How the Gaucho Stole Easter in Uruguay

More than 100 years ago, Latin America’s most-secular country abolished Christian holidays. Local church leaders have struggled to reclaim them since

This week, millions of Latin Americans are attending worship services observing Palm Sunday, Maundy Thursday, Good Friday, and Easter Sunday.

In Uruguay, they are going to the rodeo.

While their Spanish- and Portuguese-speaking neighbors mark the death and resurrection of Christ, locals from the country of 3.3 million are celebrating Semana Criolla (“Creole Week”), a series of festivals honoring the country’s gaucho heritage. Many come to watch Uruguay’s national sport, jineteada, where riders attempt to stay on the back of untamed horses. Few of the activities, which also include traditional music and dancing, acknowledge the Christianity calendar, except when it comes to eating asado criollo.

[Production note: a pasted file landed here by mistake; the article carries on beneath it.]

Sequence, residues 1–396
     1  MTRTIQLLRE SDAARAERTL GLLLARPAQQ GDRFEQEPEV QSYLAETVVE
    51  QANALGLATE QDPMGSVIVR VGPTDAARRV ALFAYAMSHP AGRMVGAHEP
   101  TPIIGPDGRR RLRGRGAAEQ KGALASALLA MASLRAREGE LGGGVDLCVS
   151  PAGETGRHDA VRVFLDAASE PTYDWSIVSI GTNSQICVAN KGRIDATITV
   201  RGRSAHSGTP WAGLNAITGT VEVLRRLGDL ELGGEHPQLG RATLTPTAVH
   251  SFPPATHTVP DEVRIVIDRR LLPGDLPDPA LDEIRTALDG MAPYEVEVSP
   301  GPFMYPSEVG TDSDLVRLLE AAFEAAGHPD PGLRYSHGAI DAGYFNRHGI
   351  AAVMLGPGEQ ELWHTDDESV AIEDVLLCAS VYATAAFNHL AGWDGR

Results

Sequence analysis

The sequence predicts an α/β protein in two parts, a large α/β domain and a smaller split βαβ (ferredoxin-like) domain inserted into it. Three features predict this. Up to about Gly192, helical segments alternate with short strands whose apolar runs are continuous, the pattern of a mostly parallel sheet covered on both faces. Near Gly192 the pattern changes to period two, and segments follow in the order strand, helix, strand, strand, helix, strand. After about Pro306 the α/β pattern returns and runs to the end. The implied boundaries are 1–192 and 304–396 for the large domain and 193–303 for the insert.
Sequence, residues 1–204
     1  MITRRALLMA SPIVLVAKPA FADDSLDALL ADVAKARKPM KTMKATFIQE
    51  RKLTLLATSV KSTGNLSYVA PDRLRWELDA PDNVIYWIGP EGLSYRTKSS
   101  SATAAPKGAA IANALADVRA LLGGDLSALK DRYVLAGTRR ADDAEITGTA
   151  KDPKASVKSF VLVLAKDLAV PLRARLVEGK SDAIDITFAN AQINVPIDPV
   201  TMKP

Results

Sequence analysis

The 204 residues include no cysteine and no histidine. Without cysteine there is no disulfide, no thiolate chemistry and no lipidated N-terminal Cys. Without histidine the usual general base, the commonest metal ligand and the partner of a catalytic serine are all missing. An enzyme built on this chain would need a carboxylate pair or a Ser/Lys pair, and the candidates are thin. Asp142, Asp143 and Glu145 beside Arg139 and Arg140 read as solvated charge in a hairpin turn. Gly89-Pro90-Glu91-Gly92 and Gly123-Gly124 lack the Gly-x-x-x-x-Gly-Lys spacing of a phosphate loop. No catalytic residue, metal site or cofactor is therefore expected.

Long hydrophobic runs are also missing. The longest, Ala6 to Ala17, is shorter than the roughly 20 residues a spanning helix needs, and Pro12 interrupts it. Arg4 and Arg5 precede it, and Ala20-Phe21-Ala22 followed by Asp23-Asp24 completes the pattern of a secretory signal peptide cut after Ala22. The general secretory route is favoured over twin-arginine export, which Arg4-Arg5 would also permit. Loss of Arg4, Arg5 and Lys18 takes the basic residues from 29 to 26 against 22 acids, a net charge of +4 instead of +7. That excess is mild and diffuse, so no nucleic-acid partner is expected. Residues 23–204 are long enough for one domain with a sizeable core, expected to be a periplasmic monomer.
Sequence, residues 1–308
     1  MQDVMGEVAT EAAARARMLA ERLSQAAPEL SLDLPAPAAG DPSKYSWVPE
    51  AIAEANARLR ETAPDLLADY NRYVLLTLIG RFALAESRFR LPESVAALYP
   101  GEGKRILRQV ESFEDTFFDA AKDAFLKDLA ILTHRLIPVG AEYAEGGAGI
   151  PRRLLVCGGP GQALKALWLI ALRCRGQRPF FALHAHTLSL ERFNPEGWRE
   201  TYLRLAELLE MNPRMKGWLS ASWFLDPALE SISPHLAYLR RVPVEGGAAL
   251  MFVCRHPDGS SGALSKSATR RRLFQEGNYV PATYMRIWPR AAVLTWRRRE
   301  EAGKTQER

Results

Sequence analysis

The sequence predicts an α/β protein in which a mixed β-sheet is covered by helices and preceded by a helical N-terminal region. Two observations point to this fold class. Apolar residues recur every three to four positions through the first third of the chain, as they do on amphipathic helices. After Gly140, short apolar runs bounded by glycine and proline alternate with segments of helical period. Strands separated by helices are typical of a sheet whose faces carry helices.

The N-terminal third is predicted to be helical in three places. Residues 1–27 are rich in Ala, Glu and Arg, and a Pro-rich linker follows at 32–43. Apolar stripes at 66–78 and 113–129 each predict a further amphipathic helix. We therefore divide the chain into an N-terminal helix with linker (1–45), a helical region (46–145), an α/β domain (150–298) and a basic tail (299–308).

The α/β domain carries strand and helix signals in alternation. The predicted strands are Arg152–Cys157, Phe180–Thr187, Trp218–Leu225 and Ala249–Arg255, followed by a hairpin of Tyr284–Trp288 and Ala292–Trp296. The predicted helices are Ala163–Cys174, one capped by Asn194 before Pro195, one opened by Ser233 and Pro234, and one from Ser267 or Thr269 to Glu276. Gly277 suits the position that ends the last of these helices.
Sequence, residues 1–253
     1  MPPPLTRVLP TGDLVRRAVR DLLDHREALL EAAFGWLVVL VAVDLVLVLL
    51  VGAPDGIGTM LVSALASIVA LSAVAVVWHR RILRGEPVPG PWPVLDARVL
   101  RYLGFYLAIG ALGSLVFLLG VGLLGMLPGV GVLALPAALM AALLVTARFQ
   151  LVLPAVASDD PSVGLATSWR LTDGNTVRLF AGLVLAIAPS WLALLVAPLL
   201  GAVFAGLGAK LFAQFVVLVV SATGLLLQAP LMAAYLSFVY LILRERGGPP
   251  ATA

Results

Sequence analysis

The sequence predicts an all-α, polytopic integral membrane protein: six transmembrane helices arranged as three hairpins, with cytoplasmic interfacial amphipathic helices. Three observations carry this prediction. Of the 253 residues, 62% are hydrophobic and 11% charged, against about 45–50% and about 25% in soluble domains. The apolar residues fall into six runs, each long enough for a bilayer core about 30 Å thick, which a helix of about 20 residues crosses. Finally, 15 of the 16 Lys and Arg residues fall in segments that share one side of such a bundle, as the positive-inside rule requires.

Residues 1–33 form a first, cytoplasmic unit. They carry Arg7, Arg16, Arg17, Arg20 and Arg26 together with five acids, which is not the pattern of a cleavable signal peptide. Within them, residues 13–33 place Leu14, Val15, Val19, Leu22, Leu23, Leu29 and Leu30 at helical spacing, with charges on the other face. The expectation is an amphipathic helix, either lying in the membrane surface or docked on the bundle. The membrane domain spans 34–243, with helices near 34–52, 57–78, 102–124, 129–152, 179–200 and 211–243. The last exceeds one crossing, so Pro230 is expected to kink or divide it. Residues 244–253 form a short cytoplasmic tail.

Vendors sell the country’s local barbeque throughout the week, except on Thursday and Friday, a nod to the country’s Catholic heritage.

“It’s one of our many idiosyncrasies,” said Karina T., an anthropologist from Montevideo. (CT is only identifying her by her last initial because of sensitivity concerns about her ministry to Muslims.) “If you ask somebody why they eat fish on those days, they will probably say that it is something their grandparents did. Only a few will say something about religion. They don’t even know.”

This ignorance is somewhat intentional.

Uruguay was one of the first countries in the Western Hemisphere to constitutionally separate church and state, and nowhere is secularism more apparent than in the nation’s rebrand of Christian holidays. In 1919, the government legally changed December 25 to the Fiesta de la Familia and Holy Week to the Semana del Turismo (“Tourism Week”), during which time the capital city holds Semana Criolla.) …

Continue reading

Read More

This post was originally published on this site

Leave a Reply

Your email address will not be published.